New in Koffi 2.0: koffi.resolve(), new in Koffi 2.2: koffi.offsetof()


The value returned by introspect() has changed in version 2.0 and in version 2.2.

In Koffi 1.x, it could only be used with struct types and returned the object passed to koffi.struct() with the member names and types.

Starting in Koffi 2.2, each record member is exposed as an object containing the name, the type and the offset within the record.

Consult the migration guide for more information.

Use koffi.introspect(type) to get detailed information about a type: name, primitive, size, alignment, members (record types), reference type (array, pointer) and length (array).

 1const FoobarType = koffi.struct('FoobarType', {
 2    a: 'int',
 3    b: 'char *',
 4    c: 'double'
 9// Expected result on 64-bit machines:
10// {
11//     name: 'FoobarType',
12//     primitive: 'Record',
13//     size: 24,
14//     alignment: 8,
15//     members: {
16//         a: { name: 'a', type: [External: 4b28a60], offset: 0 },
17//         b: { name: 'b', type: [External: 4b292e0], offset: 8 },
18//         c: { name: 'c', type: [External: 4b29260], offset: 16 }
19//     }
20// }

Koffi also exposes a few more utility functions to get a subset of this information:

  • koffi.sizeof(type) to get the size of a type

  • koffi.alignof(type) to get the alignment of a type

  • koffi.offsetof(type, member_name) to get the offset of a record member

  • koffi.resolve(type) to get the resolved type object from a type string

Just like before, you can refer to primitive types by their name or through koffi.types:

1// These two lines do the same:


New in Koffi 2.0

You can alias a type with koffi.alias(name, type). Aliased types are completely equivalent.


Memory usage#

For synchronous/normal calls, Koffi uses two preallocated memory blocks:

  • One to construct the C stack and assign registers, subsequently used by the platform-specific assembly code (1 MiB by default)

  • One to allocate strings and big objects/structs (2 MiB by default)

Unless very big strings or objects (at least more than one page of memory) are used, Koffi does not directly allocate any extra memory during calls or callbacks. However, please note that the JS engine (V8) might.

The size (in bytes) of these preallocated blocks can be changed. Use koffi.config() to get an object with the settings, and koffi.config(obj) to apply new settings.

1let config = koffi.config();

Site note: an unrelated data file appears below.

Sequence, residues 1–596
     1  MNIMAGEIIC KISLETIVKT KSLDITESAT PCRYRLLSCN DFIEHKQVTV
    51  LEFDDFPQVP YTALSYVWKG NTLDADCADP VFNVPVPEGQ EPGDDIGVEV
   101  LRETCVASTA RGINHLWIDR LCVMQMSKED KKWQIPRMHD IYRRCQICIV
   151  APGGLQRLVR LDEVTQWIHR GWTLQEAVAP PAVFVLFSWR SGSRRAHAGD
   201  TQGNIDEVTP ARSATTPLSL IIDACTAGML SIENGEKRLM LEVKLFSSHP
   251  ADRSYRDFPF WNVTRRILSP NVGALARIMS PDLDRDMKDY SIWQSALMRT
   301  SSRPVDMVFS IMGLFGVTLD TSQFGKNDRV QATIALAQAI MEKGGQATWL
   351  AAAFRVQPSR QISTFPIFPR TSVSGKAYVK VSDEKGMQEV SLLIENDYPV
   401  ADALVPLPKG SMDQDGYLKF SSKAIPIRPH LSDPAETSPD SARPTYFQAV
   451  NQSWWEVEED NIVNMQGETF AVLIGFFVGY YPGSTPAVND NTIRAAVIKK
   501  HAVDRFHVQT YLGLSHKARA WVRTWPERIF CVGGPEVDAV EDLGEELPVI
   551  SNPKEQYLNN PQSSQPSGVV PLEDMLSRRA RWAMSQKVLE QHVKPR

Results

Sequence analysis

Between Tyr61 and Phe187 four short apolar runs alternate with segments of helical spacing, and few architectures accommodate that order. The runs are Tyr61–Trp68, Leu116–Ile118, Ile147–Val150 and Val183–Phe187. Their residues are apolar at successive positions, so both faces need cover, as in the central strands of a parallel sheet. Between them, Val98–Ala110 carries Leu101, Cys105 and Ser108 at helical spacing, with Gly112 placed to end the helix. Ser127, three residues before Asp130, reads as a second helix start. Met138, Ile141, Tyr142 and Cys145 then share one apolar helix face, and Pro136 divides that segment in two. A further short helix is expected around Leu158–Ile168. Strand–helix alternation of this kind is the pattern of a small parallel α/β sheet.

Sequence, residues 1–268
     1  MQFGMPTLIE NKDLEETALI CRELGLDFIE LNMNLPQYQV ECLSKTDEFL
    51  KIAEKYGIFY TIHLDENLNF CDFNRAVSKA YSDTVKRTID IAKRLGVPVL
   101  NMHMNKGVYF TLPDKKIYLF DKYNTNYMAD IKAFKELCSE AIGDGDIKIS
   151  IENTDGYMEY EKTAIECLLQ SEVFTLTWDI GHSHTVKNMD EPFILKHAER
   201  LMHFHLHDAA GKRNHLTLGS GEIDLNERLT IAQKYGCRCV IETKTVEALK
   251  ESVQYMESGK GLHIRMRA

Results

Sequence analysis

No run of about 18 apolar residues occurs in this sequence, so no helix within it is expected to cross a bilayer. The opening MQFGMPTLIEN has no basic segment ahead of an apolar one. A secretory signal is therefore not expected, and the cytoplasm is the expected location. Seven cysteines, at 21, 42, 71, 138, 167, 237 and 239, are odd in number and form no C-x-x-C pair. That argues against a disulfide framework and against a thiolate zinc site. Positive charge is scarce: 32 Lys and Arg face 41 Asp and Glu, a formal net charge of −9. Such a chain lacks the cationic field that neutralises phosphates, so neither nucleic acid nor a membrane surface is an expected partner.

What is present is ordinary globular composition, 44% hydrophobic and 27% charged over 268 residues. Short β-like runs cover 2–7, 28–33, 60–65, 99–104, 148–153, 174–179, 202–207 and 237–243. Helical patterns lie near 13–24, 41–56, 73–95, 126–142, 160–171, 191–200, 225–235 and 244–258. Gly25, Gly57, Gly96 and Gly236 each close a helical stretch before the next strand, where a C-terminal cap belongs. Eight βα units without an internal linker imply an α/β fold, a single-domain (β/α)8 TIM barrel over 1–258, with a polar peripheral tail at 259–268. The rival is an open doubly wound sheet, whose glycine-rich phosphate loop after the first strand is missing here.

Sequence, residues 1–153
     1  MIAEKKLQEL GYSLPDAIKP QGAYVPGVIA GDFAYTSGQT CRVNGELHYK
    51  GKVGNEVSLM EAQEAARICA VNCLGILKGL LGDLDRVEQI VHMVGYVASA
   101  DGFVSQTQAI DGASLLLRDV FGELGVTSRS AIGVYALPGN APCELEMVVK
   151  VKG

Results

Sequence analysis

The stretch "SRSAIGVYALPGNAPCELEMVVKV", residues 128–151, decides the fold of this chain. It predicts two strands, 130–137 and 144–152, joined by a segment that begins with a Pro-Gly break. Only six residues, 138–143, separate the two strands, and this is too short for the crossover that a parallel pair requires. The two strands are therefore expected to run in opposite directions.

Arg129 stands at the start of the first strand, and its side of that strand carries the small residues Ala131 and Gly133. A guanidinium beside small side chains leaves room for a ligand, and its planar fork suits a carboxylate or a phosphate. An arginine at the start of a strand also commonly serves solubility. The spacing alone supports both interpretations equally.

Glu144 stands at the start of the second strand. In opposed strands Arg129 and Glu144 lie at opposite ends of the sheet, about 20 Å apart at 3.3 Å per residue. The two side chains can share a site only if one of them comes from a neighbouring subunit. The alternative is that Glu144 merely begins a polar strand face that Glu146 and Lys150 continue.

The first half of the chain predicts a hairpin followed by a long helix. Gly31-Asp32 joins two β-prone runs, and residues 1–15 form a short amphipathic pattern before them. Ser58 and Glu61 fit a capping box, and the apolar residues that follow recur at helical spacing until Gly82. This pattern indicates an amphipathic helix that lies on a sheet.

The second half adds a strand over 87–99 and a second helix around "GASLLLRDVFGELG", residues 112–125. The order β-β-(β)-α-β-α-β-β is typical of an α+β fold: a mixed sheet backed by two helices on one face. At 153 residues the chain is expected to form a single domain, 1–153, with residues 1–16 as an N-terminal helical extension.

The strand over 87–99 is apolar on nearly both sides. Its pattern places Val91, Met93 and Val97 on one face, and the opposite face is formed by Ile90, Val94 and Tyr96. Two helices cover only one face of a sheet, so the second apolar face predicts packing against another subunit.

The same is true for asynchronous calls. When an asynchronous call is made, Koffi will allocate new blocks unless there is an unused (resident) set of blocks still available. Once the asynchronous call is finished, these blocks are freed if there are more than resident_async_pools sets of blocks left around.

There cannot be more than max_async_calls running at the same time.

Default settings#





1 MiB

Stack size for synchronous calls


2 MiB

Heap size for synchronous calls


256 kiB

Stack size for asynchronous calls


512 kiB

Heap size for asynchronous calls



Number of resident pools for asynchronous calls



Maximum number of ongoing asynchronous calls


64 MiB

Maximum size of Koffi types (for arrays and structs)

Usage statistics#

New in Koffi 2.3.2

You can use koffi.stats() to get a few statistics related to Koffi.

POSIX error codes#

New in Koffi 2.3.14

You can use koffi.errno() to get the current errno value, and koffi.errno(value) to change it.

The standard POSIX error codes are available in koffi.os.errno, as shown below:

 1const assert = require('assert');
 3// ES6 syntax: import koffi from 'koffi';
 4const koffi = require('koffi');
 6const lib = koffi.load('libc.so.6');
 8const close = lib.func('int close(int fd)');
11assert.equal(koffi.errno(), koffi.os.errno.EBADF);
13console.log('close() with invalid FD is POSIX compliant!');

Reset internal state#

New in Koffi 2.5.19

You can use koffi.reset() to clear some Koffi internal state such as:

  • Parser type names

  • Asynchronous function broker (useful to avoid false positive with jest --detectOpenHandles)

This function is mainly intended for test code, when you execute the same code over and over and you need to reuse type names.


Trying to use a function or a type that was initially defined before the reset is undefined behavior and will likely lead to a crash!